Robert Daniel Anderson, petitioner, Appellant, vs. State of Minnesota, Respondent.

Annotate this Case
Download PDF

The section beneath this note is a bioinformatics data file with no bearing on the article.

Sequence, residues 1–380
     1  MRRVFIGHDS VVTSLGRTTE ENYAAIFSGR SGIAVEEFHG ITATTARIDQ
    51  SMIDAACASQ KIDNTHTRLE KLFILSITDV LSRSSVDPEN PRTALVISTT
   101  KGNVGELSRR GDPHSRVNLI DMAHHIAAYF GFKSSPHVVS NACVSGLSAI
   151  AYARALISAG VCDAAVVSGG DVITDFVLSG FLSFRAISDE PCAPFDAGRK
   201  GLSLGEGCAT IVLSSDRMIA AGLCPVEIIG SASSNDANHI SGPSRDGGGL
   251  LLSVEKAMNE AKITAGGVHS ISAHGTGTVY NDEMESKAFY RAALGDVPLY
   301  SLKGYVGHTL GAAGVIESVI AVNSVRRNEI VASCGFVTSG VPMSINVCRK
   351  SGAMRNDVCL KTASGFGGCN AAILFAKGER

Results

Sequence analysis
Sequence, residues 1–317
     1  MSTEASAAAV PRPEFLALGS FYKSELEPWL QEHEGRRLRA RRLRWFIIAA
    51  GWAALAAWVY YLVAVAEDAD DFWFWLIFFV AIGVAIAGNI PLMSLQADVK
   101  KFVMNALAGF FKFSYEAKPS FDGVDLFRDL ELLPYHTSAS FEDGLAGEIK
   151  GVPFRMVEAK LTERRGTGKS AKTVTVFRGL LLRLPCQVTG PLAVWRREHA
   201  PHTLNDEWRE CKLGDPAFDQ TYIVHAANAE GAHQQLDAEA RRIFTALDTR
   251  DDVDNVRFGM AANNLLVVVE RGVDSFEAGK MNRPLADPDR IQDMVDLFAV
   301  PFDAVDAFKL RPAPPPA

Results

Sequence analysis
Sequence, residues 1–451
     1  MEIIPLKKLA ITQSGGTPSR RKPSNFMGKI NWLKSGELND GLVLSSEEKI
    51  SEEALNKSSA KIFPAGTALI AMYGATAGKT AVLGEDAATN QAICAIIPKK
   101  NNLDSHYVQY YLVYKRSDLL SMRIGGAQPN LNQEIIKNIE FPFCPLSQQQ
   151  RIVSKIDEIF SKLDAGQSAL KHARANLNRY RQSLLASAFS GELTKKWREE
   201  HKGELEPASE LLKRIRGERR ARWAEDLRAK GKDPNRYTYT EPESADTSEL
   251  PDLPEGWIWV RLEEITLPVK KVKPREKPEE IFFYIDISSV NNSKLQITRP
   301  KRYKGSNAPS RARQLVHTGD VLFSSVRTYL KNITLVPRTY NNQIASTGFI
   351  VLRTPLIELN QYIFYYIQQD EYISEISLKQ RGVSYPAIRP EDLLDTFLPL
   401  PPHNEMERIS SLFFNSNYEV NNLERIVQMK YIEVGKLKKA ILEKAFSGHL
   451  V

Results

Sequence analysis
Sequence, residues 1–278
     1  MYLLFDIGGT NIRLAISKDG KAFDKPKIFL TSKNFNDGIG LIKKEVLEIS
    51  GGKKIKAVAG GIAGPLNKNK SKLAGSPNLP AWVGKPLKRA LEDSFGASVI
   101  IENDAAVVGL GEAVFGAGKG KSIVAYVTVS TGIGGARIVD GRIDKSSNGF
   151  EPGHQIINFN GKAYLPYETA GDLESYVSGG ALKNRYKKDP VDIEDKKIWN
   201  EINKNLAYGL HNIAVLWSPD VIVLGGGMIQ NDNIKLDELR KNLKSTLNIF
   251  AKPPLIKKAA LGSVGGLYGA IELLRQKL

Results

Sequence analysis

STATE OF MINNESOTA IN COURT OF APPEALS A10-663 Robert Daniel Anderson, petitioner, Appellant, vs. State of Minnesota, Respondent. Filed February 8, 2011 Affirmed Crippen, Judgeï ª Ramsey County District Court File No. 62-K0-07-001110 David W. Merchant, Chief Appellate Public Defender, Andrea G. M. Barts, Assistant Public Defender, St. Paul, Minnesota (for appellant) Lori Swanson, Attorney General, St. Paul, Minnesota; and Mark A. Ostrem, Olmsted County Attorney, Eric M. Woodford, Assistant County Attorney, Rochester, Minnesota (for respondent) Considered and decided by Wright, Presiding Judge; Larkin, Judge; and Crippen, Judge. SYLLABUS Because statutory law specifically demands a minimum of $1,000 restitution for identity theft victims, the process is independent of general restitution statutes that ï ª Retired judge of the Minnesota Court of Appeals, serving by appointment pursuant to Minn. Const. art. VI, § 10. provide for the reporting of victim losses and permit the defendant to challenge claimed amounts. OPINION CRIPPEN, Judge This is an appeal from a postconviction petition, filed under Minn. R. Crim. P. 27.03, subd. 9, as a motion to correct a restitution award. Appellant argues that the district court was required to correct an earlier sentencing order that required him to pay $1,000 in restitution under the identity theft statute for each of the 28 direct victims, without a sufficient factual basis determined under statutes that govern an award of restitution. We affirm. FACTS In September 2007, appellant Robert Anderson pleaded guilty in Ramsey County to one count of aiding and abetting identity theft of eight or more victims in violation of Minn. Stat. §§ 609.527, subd. 3(5), .05, subd. 1 (2006). The plea was in exchange for dismissal of a similar count, a guidelines sentence, and a restitution award to be determined. The district court sentenced appellant to 50 months in prison and ordered him to pay $1,000 in restitution to each identified victim in the Ramsey County File. Appellant subsequently requested a restitution hearing where he challenged the court s decision to order $1,000 in restitution to each identified victim. Following appellant s guilty plea, restitution affidavits had been sent to the 28 alleged victims in the fashion that is to occur under Minn. Stat. § 611A.04, subd. 1 (2006), the general restitution statute. Seven of the alleged victims returned the affidavits, and only five of 2 the alleged victims sought restitution. The remaining 21 alleged victims did not return the affidavits. The district court rejected appellant s challenges to the restitution award, concluding that appellant is jointly and severally liable for restitution to all 28 direct victims of the identity theft he aided and abetted. The court held that although 21 of the 28 affidavits were never returned by the victims, the identity theft statute does not require the direct victims to submit an affidavit detailing loss because the identity theft statute places a lesser burden on the victim. The court stated that under the identity theft statute, a victim need only meet the definition of direct victim to be entitled to restitution in the amount of $1,000. Thus, the court held that the identity theft statute, having provided its own procedure for victim restitution, need not be read in conjunction with the restitution statutes. At the restitution hearing, the prosecutor noted that he wanted to make sure that there s not a claim by [appellant] that these 28 individuals, these 28 identities, were not direct victims of these two charged offenses. If appellant made such a claim, the prosecutor noted that he was prepared to offer the Incident Reports to establish for the Court that these are identities possessed by [appellant] and/or his accomplices in the course of this offense. Because appellant did not challenge any of the 28 victims status as direct victims, the state presented no further evidence on the issue. In January 2010, after the time to file a direct appeal had expired, appellant filed a notice of motion and motion to correct restitution. The postconviction court denied the 3 rule 27.03 motion, stating that appellant failed to set forth any argument not previously litigated in this case. This appeal followed. ISSUE Did the district court err by imposing $1,000 of restitution per direct victim under the identity theft statute? ANALYSIS Under Minn. R. Crim. P. 27.03, subd. 9, a court may at any time correct a sentence not authorized by law. On appeal from the district court s denial of a rule 27.03 motion, this court will not reevaluate a sentence if the [district] court s discretion has been properly exercised and the sentence is authorized by law. State v. Stutelberg, 435 N.W.2d 632, 633-34 (Minn. App. 1989) (quoting Fritz v. State, 284 N.W.2d 377, 386 (Minn. 1979)). The purpose of restitution is to compensate victims for losses incurred as a result of crime. State v. Tenerelli, 598 N.W.2d 668, 671 (Minn. 1999). The district court has broad discretion concerning matters of restitution as long as a sufficient factual basis underlies its decision regarding the ordered restitution. State v. Thole, 614 N.W.2d 231, 234 (Minn. App. 2000). But statutory construction presents a question of law that is reviewed de novo. State v. Carufel, 783 N.W.2d 539, 542 (Minn. 2010). Alleged Conflict between Identity Theft Statute and Restitution Statutes Minnesota law gives the victim of a crime the right to receive restitution for loss caused by a convicted criminal offender. Minn. Stat. § 611A.04, subd. 1. Before ordering restitution under this statute, the district court must receive proof of the amount 4 of loss, which the victim can provide by affidavit or by other competent evidence. Id. A factual basis must be shown for restitution to each victim. State v. Latimer, 604 N.W.2d 103, 105 (Minn. App. 1999). Under the statute, proof of amount must include a description of the items lost, itemized costs, and reasons for the amount if it is in the form of money or property. Minn. Stat. § 611A.04, subd. 1. The defendant may then challenge the restitution request by producing an affidavit setting forth all challenges to the restitution or items of restitution, and specifying all reasons justifying dollar amounts of restitution which differ from the amounts requested by the victim or victims. Minn. Stat. § 611A.045, subd. 3 (2006). The identity theft statute provides: (a) A direct or indirect victim of an identity theft crime shall be considered a victim for all purposes, including any rights that accrue under chapter 611A and rights to courtordered restitution. (b) The court shall order a person convicted of violating subdivision 2 to pay restitution of not less than $1,000 to each direct victim of the offense. Minn. Stat. § 609.527, subd. 4 (2006). The statute defines a direct victim as any person or entity described in section 611A.01, paragraph (b), whose identity has been transferred, used, or possessed in violation of this section. Id., subd. 1(b) (2006). Appellant argues that the district court erred by concluding that the identity theft statute need not be read in conjunction with the restitution statutes. He contends that because the identity theft statute specifically references the restitution statutes, direct victims must submit loss affidavits as described in section 611A.04, subdivision 1, and he has the right to challenge them under section 611A.045, subdivision 3. 5 The identity theft statute is unambiguous and contradicts appellant s arguments; it states that the court shall order a person convicted of identity theft to pay restitution of not less than $1,000 to each direct victim. Minn. Stat. § 609.527, subd. 4. The legislature s use of the word shall in the statute means that restitution is mandatory in such cases. See Minn. Stat. § 645.44, subd. 16 (2006) (stating, [s]hall is mandatory ). Although the identity theft statute references the restitution statutes, the reference does not state a requirement for proof of loss under these statutes. Moreover, the legislature has directed that when two statutes conflict, the more specific provision controls over the more general. Minn. Stat. § 645.26, subd. 1 (2006) ( When a general provision in a law is in conflict with a special provision in . . . another law, . . . the special provision shall prevail and shall be construed as an exception to the general provision . . . . ). A review of the applicable statutory language reveals that Minn. Stat. § 611A.04, subd. 1, is a general provision pertaining to restitution in criminal proceedings, and Minn. Stat. § 609.527, subd. 4, is more specific, stating that direct victims of identity theft shall be awarded not less than $1,000 in restitution. Because Minn. Stat. § 609.527, subd. 4, is the more specific provision, and the identity theft statute mandates that each direct victim be awarded not less than $1,000 in restitution, the district court did not err in concluding that the identity theft statute need not be read in conjunction with the restitution statute. 6 Other Issues Appellant also argues that the factual basis is insufficient to support the district court s restitution award because he did not make admissions to support a finding that he transferred, used, or possessed all of the 28 direct victims identities. Rather, he argues that although he admitted to furthering the counterfeit check operation, he claims that he admitted to possessing only four of the victims identities. But appellant pleaded guilty to aiding and abetting identity theft of eight or more victims, with the actual number of direct victims determined to be 28. Appellant acknowledged on the record at the plea hearing that he would be responsible for all the victims related to the identity theft charges. And when asked by the prosecutor, at the restitution hearing, he declined to dispute that the 28 individuals were victims. Although appellant may not have possessed the names of all the direct victims, they were victims of the crime of which appellant was convicted: aiding and abetting identity theft of eight or more victims. Thus, the factual basis is sufficient to support the restitution award. As part of his briefing on proof-of-loss provisions of the general restitution statute, appellant observes that the choice of restitution should be left to the victim, and that the procedure set forth in the restitution statute safeguards that choice. Appellant speculates that the reason many of the direct victims did not return the loss affidavits could be that they did not suffer any loss. We observe that Minn. Stat. § 609.527, subd. 1(b), defines a direct victim as a person described in Minn. Stat. § 611A.01(b), whose identity has been transferred, and that the latter statute refers to a victim as one who incurs loss. But appellant has not asserted that a victim, by definition, must incur a loss, and he did not do 7 so below.1 As a result, our determination does not reach the question of whether the definition of direct victim adds a requirement that the state show, even if not through the process set forth in Minn. Stat. §§ 611A.04, .045, that the stated victims were victims by definition, that is, persons who incurred some loss. See Roby v. State, 547 N.W.2d 354, 357 (Minn. 1996) (stating that appellate courts will generally not consider matters not argued and considered by district court). Finally, we note that we are not presented in this case with issues concerning the alleged victim losses of more than $1,000, and the language of Minn. Stat. § 609.527, subd. 4, on restitution of not less than $1,000. DECISION The identity theft statute specifically provides that direct victims of identity theft are entitled to $1,000 in restitution, notwithstanding the general restitution statutes on reporting of victim losses, and the defendant s corresponding opportunity to challenge the reported amounts. Accordingly, on the issues raised before the district court in this case, we conclude that the district court did not err by imposing $1,000 of restitution per direct victim under the identity theft statute. Affirmed. 1 Because appellant did not challenge any of the 28 victims status as direct victims, the state presented no further evidence on the issue. 8